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Not Just Immigration

The voters of the next two decades don’t just vote on single issues

By Sarah C. Stein Lubrano

Ever since they took a major hit in the election three weeks ago, Republicans have been discussing how they will face the major demographic shifts that account, at least in part, for their losses. In short, the groups who have traditionally voted for Republicans in the last 20 years—white, older married people—are an increasingly smaller percentage of the population of the United States. Or, less tactfully, they are dying out. As one writer put it: “Contrary to much conventional wisdom, voters do not necessarily grow more conservative as they age; until the last decade, a majority of both younger and older voters both tended to go to the winner of the presidential election.” It’s only at this particular point in our country’s history that older people vote very differently—largely because they are more white, more married, and just plain old more conservative than younger Americans. Each year, fewer of these older people are around to vote.

So how will the Republicans adapt? Members of the Grand Old Party have offered different solutions for how this demographic change can be accommodated. Most have suggested changes to immigration reform policy in the platform to accommodate the increasing numbers of Latino voters; there has even been super-PAC money devoted to the issue. While this certainly makes sense as a step, it will hardly be enough on its own, not just because it only targets one alienated group, but also because, despite a reputation for being socially conservative, most Latinos actually self-identify as both economically and socially liberal on a variety of key issues. A Pew poll from this April found that Latino voters are more likely to identify as liberal than conservative. Although they are more likely to be religious and are more conservative about abortion, they are also more likely to prefer big government and be accepting of homosexuality than the average American.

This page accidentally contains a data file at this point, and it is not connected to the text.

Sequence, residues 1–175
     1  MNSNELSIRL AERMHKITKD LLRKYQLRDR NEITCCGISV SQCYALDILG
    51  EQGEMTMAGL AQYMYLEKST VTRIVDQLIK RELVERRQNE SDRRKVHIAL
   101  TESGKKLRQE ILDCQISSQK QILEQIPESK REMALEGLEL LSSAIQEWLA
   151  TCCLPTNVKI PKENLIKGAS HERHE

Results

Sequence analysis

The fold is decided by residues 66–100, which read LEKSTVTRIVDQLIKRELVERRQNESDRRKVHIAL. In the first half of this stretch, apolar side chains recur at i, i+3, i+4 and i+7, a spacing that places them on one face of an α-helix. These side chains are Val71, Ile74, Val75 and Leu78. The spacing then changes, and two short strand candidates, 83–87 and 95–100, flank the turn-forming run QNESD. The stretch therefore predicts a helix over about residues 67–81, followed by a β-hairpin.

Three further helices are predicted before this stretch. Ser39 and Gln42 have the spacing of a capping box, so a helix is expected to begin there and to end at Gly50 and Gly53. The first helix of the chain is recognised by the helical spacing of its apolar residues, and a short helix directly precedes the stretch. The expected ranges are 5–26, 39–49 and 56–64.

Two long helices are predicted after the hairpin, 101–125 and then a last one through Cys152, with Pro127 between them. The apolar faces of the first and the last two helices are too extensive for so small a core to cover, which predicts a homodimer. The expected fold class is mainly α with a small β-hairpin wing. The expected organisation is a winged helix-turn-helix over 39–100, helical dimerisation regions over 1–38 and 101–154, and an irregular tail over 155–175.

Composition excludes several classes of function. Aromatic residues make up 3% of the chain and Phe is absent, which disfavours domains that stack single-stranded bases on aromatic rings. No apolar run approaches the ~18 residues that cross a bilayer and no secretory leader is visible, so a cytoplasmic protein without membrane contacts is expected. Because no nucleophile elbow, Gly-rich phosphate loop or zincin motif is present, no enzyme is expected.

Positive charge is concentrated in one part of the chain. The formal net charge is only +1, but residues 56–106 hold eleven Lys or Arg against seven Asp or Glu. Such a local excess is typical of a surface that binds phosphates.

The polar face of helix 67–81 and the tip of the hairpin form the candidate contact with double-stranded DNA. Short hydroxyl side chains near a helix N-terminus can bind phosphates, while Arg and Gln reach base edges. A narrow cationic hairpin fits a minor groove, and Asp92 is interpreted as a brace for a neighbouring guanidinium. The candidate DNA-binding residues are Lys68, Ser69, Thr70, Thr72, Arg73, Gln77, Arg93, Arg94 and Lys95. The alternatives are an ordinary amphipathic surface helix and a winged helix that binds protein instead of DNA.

Latinos are more likely to believe in the importance of hard work compared to their fellow Americans, even as they continue to favor more government involvement. This suggests that preferences for larger government have less to do with wanting “handouts”—higher living standards with less work—and instead reflect perceived benefits of big government that will help those who work hard, especially when it comes to greater economic security and regulation of industries. These are, in fact, increasingly important concerns among many voters, which is why Americans are more divided than ever on issues like environmentalism, support for labor unions, and a social safety net.

In any case, while shifts on immigration policy will probably make the Republican platform more appealing to Latinos, it is unlikely to win them over en masse—not just because Democrats already have a track record of instituting policies popular with Latinos, but also because Democrats more closely match Latino views beyond the issue of immigration.

Less discussed but even more relevant is the need for the Republican Party to appeal to women. While women are naturally not going to make up a different percentage of the population in the coming years, they have, for a variety of demographic reasons, become increasingly likely to vote compared to men. There has been some discussion of how to welcome women into the Republican Party: John McCain recently suggested that the party de-politicize its views on abortion. Although this might help in theory, it’s not so practical because the Republicans must placate a chunk of religious single-issue voters on abortion. Yet there are a variety of other issues about which women have distinct views, like wage discrimination, single parenthood, and the benefits of daycare. The GOP might make better headway in wooing women voters by supporting policies for fair pay or subsidized daycare programs like Head Start.

Although both of these concessions would be a shift toward larger government, they could also be recast as issues about fairness toward hard work and support for families, including single mothers who have chosen not to have abortions. The most right-wing Republicans might howl, but the independents might listen. There are doubtless women and Latinos who want certain kinds of smaller government—the GOP can think carefully about how to provide this while accommodating other concerns.

Sarah C. Stein Lubrano ’13 is a social studies concentrator in Kirkland House. Her column appears on alternate Wednesdays.

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